January 14, 2006

OpenEnded Lingering

by Andrew Stern · , 2:06 am

Marc Downie's dance pieceMy friend eugene sent me a link to an artificial.dk interview with Marc Downie — whom you interactive character enthusiasts may know as the person responsible, among other things, for the excellent realtime charcoal rendering of the MIT Media Lab’s virtual wolves. A little research reveals that Marc recently defended his PhD dissertation, “Choreographing the Extended Agent: Performance Graphics for Dance Theater”, and is now part of a collaborative group of artists called OpenEnded Group. The interview describes How long does the subject linger on the edge of the volume…, a dance piece with live interactive imagery, pictured here. Cool stuff.

(AND the research reveals Bruce Blumberg, head of the once high-profile, now-defunct Synthetic Characters group, is now Director of Advanced Animal Modeling at Blue Fang Games! “…Creating the technology, tools and processes that will enable Blue Fang to create expressive, intelligent and engrossing animal characters that will set the bar for the next generation of digital entertainment experiences.” Interesting how so many interactive character researchers over the years have left academia for industry.)

Exploring artificial.dk a bit more I found a new series of articles on Art Games worth checking out.

One Response to “OpenEnded Lingering”

  1. michael Says:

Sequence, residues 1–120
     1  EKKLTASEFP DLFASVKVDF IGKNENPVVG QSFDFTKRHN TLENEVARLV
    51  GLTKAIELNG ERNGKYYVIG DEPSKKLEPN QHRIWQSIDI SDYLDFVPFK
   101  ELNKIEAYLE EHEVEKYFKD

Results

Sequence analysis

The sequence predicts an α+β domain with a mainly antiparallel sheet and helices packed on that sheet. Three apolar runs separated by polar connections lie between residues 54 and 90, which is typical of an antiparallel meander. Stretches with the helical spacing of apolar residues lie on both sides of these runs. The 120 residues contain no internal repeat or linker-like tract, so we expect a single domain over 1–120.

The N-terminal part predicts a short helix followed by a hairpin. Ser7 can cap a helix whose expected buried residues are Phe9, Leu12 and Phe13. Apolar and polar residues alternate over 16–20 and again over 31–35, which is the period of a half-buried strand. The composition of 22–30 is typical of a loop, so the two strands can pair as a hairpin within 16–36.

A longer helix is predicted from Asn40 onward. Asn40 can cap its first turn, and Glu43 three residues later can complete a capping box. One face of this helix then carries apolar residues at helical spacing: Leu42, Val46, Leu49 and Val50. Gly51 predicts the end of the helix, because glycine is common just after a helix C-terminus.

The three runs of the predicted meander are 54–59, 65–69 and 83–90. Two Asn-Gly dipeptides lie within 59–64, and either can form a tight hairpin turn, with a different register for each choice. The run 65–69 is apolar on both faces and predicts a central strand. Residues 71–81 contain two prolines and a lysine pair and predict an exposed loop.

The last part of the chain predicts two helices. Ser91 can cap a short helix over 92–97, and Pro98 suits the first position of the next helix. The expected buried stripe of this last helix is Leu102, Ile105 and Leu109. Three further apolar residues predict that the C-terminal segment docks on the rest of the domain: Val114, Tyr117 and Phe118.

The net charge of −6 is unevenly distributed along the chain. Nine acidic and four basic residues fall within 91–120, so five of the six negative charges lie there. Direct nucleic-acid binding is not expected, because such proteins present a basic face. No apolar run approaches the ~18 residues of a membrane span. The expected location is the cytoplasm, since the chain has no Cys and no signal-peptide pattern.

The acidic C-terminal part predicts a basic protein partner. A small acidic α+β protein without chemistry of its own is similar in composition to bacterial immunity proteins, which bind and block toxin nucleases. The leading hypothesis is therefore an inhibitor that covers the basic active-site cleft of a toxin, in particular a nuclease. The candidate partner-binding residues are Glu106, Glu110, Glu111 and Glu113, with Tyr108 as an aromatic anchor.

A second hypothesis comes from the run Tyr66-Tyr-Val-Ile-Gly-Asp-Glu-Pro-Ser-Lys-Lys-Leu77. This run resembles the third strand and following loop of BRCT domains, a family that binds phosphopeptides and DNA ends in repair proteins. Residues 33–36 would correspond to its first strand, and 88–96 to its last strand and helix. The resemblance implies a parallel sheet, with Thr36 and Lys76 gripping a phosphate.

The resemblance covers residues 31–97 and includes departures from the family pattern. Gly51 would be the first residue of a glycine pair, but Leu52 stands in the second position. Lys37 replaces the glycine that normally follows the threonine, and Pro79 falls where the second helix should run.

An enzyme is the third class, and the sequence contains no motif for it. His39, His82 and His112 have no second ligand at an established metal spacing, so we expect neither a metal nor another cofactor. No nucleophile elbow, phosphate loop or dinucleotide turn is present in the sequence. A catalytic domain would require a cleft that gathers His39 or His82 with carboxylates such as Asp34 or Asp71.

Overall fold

OpenEnded Group came to Atlanta a couple of months ago and gave a talk at Georgia Tech. It was great to see Marc Downie again and meet the other members of the group. While I enjoyed seeing documentation of how long does the subject linger at the edge of the volume… and hearing them talk about it, the piece I was really struck by was Enlightenment, an in-progress piece that will open this summer. In Enlightenment, the system “meditates” on the coda of Mozart’s last symphony, looking for patterns and generating alternatives. The long-term processes of the AI system are made visible on several large displays at the entrance to Lincoln Center. The generated imagery on the displays captures, in an abstract visual language, the current search-state of the system, the patterns it is exploring, and so forth. The displays open a window into the AI system’s “mind.” Back when we were working on Terminal Time, we toyed with the idea of generating an animated visual display depicting Terminal Time’s history generation process; the idea was to provide an aesthetically engaging display that provided insight into the processes of ideologically-biased reasoning that produce a generated history. While we weren’t able to implement this for Terminal Time, I’ve long thought that opening windows into artificial minds would be a great direction to explore. Back in high school I had the Chess cartridge (among many others) for my 2600; as many of you recall, Chess would fill the screen with solid colors while thinking, flickering through colors as the search process proceeded. Back then I enjoyed staring at the colors and trying to figure out from the color patterns what might be going on in the machine. While I know that for 2600 Chess the flickering color patterns were most likely nothing more than a screen saver (literally, as in preventing raster burn-in), that was what first got me thinking about opening windows into the mind of the machine. I’m glad to see that OpenEnded Group is doing a project in this space.

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